The overall objective of this project is to build upon our current core of strength in the "study of the molecular and cellular basis of host- pathogen interactions". We will establish the U of I as a premier institutional having a nationally recognized biomedical program with this thematic focus.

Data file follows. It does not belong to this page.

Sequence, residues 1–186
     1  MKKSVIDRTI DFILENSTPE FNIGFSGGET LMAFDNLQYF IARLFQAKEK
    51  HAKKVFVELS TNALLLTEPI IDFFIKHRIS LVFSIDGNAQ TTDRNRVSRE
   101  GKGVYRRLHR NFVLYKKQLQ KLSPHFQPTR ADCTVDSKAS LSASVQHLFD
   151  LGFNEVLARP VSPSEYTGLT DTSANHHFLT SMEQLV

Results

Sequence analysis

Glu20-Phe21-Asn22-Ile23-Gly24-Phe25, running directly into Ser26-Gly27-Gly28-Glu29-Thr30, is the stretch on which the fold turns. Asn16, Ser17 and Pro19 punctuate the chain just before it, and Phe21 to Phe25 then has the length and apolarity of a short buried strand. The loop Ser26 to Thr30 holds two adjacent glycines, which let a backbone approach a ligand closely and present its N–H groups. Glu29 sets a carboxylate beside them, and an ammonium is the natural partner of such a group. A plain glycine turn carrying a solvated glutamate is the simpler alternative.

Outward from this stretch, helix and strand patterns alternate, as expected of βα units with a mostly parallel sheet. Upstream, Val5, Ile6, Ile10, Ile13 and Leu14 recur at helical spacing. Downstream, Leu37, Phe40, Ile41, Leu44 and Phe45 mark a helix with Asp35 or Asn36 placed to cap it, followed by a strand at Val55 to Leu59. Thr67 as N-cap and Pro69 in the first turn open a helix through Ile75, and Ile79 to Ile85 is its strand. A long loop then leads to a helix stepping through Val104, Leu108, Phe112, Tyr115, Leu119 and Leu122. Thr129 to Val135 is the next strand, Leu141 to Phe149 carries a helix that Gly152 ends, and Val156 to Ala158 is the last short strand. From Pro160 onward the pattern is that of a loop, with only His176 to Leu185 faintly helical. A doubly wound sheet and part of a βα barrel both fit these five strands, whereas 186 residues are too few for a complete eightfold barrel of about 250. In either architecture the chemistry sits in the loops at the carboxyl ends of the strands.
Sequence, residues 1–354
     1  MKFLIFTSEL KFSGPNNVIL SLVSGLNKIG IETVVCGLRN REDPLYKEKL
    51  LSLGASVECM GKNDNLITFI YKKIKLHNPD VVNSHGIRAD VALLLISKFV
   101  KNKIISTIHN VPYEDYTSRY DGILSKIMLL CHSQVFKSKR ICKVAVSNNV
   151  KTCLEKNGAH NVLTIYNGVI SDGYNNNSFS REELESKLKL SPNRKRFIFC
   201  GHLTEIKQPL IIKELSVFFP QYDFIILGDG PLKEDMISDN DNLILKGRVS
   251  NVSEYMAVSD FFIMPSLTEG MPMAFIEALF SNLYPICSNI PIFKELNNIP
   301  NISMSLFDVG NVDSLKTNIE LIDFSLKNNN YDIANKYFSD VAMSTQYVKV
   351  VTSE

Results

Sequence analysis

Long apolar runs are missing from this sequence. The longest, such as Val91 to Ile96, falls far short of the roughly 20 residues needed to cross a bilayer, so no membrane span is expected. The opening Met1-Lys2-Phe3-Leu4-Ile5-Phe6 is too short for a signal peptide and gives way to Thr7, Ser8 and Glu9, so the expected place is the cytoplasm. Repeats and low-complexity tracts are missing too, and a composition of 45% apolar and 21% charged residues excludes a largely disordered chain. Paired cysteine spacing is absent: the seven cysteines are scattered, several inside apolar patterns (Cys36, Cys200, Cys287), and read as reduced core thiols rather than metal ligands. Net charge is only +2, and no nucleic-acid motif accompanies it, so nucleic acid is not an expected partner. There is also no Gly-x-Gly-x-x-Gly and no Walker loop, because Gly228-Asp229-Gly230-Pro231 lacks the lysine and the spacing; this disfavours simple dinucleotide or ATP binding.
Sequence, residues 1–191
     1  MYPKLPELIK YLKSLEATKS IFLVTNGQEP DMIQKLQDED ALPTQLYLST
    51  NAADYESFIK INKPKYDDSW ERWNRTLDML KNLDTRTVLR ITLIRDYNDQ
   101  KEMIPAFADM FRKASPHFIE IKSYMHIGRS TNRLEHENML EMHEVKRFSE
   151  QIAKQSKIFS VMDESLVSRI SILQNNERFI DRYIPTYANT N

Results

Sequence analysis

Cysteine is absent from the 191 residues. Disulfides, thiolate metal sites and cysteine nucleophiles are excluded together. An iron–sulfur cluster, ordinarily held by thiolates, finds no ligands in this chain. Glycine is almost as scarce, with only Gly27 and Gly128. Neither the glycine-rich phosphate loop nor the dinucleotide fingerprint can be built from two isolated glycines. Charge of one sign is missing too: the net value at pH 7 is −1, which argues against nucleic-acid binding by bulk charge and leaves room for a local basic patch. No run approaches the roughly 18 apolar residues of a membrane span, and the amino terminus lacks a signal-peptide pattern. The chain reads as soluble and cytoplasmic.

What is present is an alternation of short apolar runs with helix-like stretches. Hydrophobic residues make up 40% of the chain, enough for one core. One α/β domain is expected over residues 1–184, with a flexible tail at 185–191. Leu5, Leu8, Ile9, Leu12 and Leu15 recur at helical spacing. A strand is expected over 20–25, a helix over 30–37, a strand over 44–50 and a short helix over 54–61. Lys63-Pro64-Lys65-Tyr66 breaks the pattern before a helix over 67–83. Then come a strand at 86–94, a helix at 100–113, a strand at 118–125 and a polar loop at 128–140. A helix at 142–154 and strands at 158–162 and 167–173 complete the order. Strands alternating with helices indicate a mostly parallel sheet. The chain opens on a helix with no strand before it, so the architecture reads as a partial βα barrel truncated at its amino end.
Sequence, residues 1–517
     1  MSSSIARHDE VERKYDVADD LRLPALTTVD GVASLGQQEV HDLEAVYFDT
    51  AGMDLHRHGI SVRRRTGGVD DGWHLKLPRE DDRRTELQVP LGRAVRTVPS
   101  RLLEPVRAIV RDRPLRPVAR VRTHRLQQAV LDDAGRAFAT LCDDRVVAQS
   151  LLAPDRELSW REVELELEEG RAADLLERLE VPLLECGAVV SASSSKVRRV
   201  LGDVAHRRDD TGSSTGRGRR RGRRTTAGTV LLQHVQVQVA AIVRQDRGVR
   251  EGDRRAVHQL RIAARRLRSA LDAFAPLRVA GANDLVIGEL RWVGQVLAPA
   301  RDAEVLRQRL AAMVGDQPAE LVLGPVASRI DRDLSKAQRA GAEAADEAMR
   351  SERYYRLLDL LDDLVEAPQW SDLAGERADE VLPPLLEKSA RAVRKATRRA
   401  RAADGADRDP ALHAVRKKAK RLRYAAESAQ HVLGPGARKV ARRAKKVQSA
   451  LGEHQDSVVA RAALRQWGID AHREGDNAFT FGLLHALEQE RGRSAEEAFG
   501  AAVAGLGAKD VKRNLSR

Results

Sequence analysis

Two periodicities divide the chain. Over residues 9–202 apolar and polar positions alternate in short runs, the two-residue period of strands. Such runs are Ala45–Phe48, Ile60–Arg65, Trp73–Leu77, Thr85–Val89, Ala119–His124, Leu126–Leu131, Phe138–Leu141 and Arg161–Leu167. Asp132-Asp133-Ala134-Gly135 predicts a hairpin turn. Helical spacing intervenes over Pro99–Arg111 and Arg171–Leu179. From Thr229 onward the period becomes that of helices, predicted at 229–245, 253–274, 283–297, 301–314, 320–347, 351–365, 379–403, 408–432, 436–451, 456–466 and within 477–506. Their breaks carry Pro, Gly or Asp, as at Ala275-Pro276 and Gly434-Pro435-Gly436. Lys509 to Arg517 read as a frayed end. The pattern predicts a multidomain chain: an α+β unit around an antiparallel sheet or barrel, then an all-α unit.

Although the number of faculty engaged in biomedical research at the University of Idaho (U of I) is not large, our institution is strongly committed to research related to microbial pathogenesis and food-borne illness. The overall objective of this project is to build upon our current core of strength in the "study of the molecular and cellular basis of host- pathogen interactions". We will establish the U of I as a premier institutional having a nationally recognized biomedical program with this thematic focus. COBRE funding will allow us to integrate the programs of several established biomedical scientists with those of tow new tenure- track faculty (a virologist and cell biologist) on the main campus in Moscow, ID. In doing so, we will emphasize career development, mentoring, and grantsmanship of all faculty in the Center. We will strengthen our graduate training and research collaboration with the Infectious Diseases Unit of Boise Veterans Affairs Medical Center. Finally, we will integrate the five-state (Wyoming, Washing, Alaska, Montana, and Idaho) WWAMI Medical Program into the COBRE Center to provide a unique opportunity for medical students to become immersed in biomedical research. COBRE center research projects will initially be led by four Co-Investigators , each of whom has proposed an area of multi-disciplinary research relevant to human health and to the overall theme of the Center. This team and their collaborators will work under the administrative and collaborative guidance of Dr. Gregory A. Bohach an investigator established in several areas of microbial pathogenesis. The four independent but complementary projects include: 1) An investigation of the anti-viral activity of Escherichia coli Shiga toxin; 2) Mx expression and uterine mucosal immunity; 3) The mechanism and significance of the internalization of Staphylococcus aureus by epithelial cells; and 4) Phospholipase-C induced platelet-leukocyte interactions and defective diapedesis in gas gangrene. In addition to these four projects, our new virologist and cell biologist will submit research proposal to the COBRE Center and our Advisory Board for approval. A plan to develop funding independence following termination of COBRE support has been developed.